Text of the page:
In terms of worldbuilding and the main storyline, we discover that humanity’s creation of the Grav Drive, which made space travel more accessible and promised everlasting human existence through exploration and colonization of other planets, has devastated Earth’s atmosphere. Consequently, humanity lacks a true home and continues to grapple with the same issues of conflict, both military and religious, that plagued Earth.
These elements showcase a profound understanding of Starfield’s central theme, and the introduction of the multiverse adds yet another layer. Humans are not content with merely exploring the universe; they aspire to conquer the multiverse, regardless of the cost. In doing so, they transform into Starborn and gain unprecedented power, but they also relinquish a part of their humanity.
This transformation is evident in The Hunter and The Emissary, both of whom initially appear detached and aggressive upon meeting the player. They prioritize reaching The Unity, neglecting to appreciate the uniqueness of their current universe. They are consumed by their addiction. Initially dismissive of the personal struggles of these Starborns during my initial playthrough, I found myself exhibiting similar behavior once I entered The Unity and became a Starborn during my second playthrough.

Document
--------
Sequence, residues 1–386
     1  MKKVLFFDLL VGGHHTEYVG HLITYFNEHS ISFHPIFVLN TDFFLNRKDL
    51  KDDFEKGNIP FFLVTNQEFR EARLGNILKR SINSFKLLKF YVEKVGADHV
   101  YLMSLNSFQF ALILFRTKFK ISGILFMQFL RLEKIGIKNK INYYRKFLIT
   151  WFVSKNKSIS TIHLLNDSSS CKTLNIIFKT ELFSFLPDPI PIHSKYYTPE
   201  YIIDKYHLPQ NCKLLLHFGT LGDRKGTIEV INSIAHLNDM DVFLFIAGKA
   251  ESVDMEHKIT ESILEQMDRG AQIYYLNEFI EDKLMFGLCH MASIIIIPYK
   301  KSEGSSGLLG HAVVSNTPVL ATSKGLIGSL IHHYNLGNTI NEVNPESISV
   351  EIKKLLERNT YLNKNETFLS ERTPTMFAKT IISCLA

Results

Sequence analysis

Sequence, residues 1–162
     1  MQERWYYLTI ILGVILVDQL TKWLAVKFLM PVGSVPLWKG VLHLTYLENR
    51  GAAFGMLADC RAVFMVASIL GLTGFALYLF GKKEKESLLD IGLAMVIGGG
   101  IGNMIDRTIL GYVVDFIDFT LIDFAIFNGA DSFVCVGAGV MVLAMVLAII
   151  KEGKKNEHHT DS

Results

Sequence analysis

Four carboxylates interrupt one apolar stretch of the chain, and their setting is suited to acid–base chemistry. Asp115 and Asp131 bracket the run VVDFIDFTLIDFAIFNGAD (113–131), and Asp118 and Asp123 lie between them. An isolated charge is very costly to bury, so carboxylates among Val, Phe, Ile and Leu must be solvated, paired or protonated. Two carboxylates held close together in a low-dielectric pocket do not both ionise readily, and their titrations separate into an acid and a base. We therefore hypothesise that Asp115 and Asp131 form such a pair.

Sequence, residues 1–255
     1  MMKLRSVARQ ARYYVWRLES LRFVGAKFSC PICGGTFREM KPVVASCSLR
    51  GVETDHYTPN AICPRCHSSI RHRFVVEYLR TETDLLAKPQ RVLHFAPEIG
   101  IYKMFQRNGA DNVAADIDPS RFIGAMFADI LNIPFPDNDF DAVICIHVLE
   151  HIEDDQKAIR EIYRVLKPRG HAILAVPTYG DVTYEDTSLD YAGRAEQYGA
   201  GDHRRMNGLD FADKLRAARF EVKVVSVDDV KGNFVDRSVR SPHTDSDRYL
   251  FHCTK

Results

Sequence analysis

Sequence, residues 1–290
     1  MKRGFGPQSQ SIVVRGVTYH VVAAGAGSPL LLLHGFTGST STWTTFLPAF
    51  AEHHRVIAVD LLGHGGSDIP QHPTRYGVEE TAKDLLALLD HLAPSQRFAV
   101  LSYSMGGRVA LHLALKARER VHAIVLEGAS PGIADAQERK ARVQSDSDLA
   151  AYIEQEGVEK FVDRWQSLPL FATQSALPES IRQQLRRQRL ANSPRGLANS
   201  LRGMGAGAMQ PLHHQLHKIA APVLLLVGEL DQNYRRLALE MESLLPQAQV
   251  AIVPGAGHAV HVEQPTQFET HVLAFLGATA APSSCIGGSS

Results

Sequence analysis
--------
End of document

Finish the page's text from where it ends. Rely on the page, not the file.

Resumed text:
The Most Unsettling New Game Plus Experience
In Starfield, New Game Plus takes a unique twist, intricately weaving the main storyline and themes into the gameplay. Players find themselves in control of the same character, albeit as a more potent Starborn, but in a different universe. The moment I stepped into The Lodge after my initial rebirth, my confidence quickly waned. No one recognized me; confusion shrouded the concept of a Starborn, and trust was in short supply, even from my friend Sarah Morgan.
I felt out of place, detached, and isolated, despite having the opportunity to relive the entire Starfield journey from the beginning. Instead, I chose to bypass the narrative, opting for a speedrun to amass artifacts, reach The Unity, and undergo rebirth in yet another universe. This pattern continued into a third playthrough. Starfield consistently reminded me that exploring the boundless expanse of the universe (and the multiverse) alone lacked fulfillment. True satisfaction derived from pursuing activities you cherish with individuals you hold dear. This profound realization only dawned on me when I experienced it firsthand through my own choices and gameplay.
Although Starfield’s utilization of the multiverse concept might initially appear as a nod to a prevailing narrative trend, it deviates significantly. The tale it weaves and the central thematic elements it endeavors to convey necessitate the sci-fi backdrop for their full impact. Consequently, I hold this multiverse narrative in high esteem, particularly as sci-fi elements gain prominence within the realm of video games.
Starfield is currently available on Xbox Series X/S and PC.